Sometimes people wonder if bloggers should be called journalists. But this blogger wonders if certain journalists should be called journalists.

File this under epic media fail.


May 6th, 2010

Starbucks Hot Tea Lawsuit: Merit or Not?

The case popped up yesterday when it was reported in Reuters: Suit was brought against Starbucks because a woman was scalded by tea. With no  facts other than the bare bones Complaint, the writer then jumped in to discuss the Stella Liebeck McDonalds coffee case.

Once in the hands of Reuters, it went to the Gothamist. If you Google Starbucks hot tea case now you will see no shortage of stories on it, including HuffPo, CBS and the UK’s Telegraph. The story has gone international.

Ted Frank picked it up at Overlaywered. Frank, however, cautiously withheld his opinion because the Reuters article “fails to indicate sufficient facts to determine whether [plaintiff’s] scenario reflects injuries from a spill that was her own fault or the fault of Starbucks.” David Lat mocked it at Above the Law, asking  of Frank, “Where’s the outrage?”

Facts, facts, facts. That’s what makes and breaks lawsuits.

So I called plaintiff’s counsel, Elise Langsam. She’s been practicing 30+ years and has handled her share of scalding cases, often from showers where the landlord failed to set the water temperature controls properly. I wanted to know what actually happened with the Starbucks tea.

Here’s the deal. The plaintiff is Zeynap Inanli, a pro tennis player. Pro athletes aren’t generally the type of people that trip over their own two feet. And she didn’t.

The tea was bought at Starbucks near Grand Central Station on Lexington Third Avenue. The barista — coffee house devotees love that pretentious name for a counterperson — put the lid on, but didn’t put it on tight.  As Inanli walked with the tea, that lid popped off and Inanli’s arm was scalded with the contents.

Inanli was admitted to the Weil Cornell Burn Unit for five days as a result.

Combine unsecured lid with the fact that the tea was so hot it caused second degree burns to the arm of the tennis player, and you have the elements of an action. So, two simple facts are at play: The failure to secure the lid and the scalding temperatures.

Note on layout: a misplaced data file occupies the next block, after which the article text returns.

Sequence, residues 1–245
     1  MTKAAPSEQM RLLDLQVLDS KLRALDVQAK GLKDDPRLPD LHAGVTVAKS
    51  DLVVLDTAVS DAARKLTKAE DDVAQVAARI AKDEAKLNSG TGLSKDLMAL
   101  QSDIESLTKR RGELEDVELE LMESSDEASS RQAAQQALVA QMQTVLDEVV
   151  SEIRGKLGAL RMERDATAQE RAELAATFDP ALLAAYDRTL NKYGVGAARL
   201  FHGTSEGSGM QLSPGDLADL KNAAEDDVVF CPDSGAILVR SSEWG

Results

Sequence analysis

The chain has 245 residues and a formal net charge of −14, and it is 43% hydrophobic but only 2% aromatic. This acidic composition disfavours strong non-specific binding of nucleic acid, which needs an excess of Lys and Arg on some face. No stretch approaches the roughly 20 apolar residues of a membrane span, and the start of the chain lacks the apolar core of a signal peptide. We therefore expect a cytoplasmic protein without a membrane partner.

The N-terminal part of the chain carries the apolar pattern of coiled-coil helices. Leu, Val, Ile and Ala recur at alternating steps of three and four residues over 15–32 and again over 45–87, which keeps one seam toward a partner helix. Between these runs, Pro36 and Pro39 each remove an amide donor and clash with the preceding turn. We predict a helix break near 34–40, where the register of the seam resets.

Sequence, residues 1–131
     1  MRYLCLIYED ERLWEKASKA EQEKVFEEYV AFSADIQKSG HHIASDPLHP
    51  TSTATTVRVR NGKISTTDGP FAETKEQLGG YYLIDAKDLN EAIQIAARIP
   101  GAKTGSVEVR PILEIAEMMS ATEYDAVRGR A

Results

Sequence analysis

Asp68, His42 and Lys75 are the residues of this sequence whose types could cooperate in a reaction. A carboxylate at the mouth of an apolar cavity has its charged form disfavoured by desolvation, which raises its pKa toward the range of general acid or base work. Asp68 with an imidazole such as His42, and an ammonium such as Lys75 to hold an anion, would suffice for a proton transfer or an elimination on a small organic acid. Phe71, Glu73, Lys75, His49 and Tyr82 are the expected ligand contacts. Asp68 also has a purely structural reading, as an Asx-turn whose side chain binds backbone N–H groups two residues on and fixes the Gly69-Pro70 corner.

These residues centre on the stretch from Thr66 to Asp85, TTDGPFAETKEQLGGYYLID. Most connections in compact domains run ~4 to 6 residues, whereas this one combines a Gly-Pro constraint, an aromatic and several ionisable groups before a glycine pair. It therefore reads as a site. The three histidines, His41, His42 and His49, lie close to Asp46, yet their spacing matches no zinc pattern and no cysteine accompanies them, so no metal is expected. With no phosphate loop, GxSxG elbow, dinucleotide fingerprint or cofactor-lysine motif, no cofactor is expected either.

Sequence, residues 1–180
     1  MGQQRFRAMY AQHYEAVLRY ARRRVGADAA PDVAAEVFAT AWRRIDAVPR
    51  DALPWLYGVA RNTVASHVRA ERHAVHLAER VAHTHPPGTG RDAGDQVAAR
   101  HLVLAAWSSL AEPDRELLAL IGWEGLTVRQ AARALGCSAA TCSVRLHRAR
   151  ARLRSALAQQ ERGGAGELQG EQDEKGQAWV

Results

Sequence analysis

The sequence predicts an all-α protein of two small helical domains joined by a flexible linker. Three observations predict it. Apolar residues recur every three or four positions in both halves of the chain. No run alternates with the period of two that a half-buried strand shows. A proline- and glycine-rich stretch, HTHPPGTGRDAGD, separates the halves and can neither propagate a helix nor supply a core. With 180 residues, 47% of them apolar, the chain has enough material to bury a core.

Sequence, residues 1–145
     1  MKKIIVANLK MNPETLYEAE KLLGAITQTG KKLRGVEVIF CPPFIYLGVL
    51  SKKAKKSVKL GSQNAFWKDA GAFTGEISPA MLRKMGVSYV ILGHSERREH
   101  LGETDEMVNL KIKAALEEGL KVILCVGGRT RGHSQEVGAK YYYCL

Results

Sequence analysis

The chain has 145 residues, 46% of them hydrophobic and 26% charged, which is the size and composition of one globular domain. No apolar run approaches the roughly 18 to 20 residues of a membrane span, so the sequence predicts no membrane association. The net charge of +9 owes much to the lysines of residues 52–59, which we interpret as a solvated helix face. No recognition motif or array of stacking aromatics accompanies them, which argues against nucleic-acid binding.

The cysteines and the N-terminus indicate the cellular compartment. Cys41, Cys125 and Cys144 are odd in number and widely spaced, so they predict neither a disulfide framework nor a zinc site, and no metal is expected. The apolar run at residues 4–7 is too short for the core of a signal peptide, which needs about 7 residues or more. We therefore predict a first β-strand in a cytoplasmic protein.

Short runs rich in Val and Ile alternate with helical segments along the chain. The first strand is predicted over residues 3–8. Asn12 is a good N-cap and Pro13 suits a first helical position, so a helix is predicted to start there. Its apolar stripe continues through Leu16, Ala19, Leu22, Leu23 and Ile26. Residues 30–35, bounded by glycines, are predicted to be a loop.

As Langsam told me, “You don’t put molten lava in a cup with a loose lid.”

Will Starbucks say otherwise when they answer the lawsuit and ramp up the press machine? I would expect so. That’s what defense lawyers and press flacks are paid to do. So one day, assuming that Starbucks has a competing set of facts, it will get presented to a jury who will look the witnesses in the eye and try to determine fault. Maybe one, maybe the other, maybe a little bit of both. What will the result be? I don’t know, I didn’t see it happen and I won’t be on the jury.

But is this the making of an article in Reuters and a growing news story? I wouldn’t think so. The unsecured lid seems like run-of-the-mill negligence. The scalding hot tea might be a local store problem, or a company-wide problem, but only time (and discovery) will tell with that. If it’s a company-wide problem with plenty of past complaints, then maybe there is news. But I don’t see it yet. [Addendum: Here is a particularly moronic report from Lisa Mateo at WPIX in New York, who did man-in-the-street interviews without bothering to find out how the incident happened. That’s journalism?]

All in all, seems like a painful problem for the plaintiff, but most likely a rather simple fact pattern. The complaint is here:Inanli-v-Starbucks-Complaint

Update:  The Media’s Failure in the Starbucks Hot Tea Lawsuit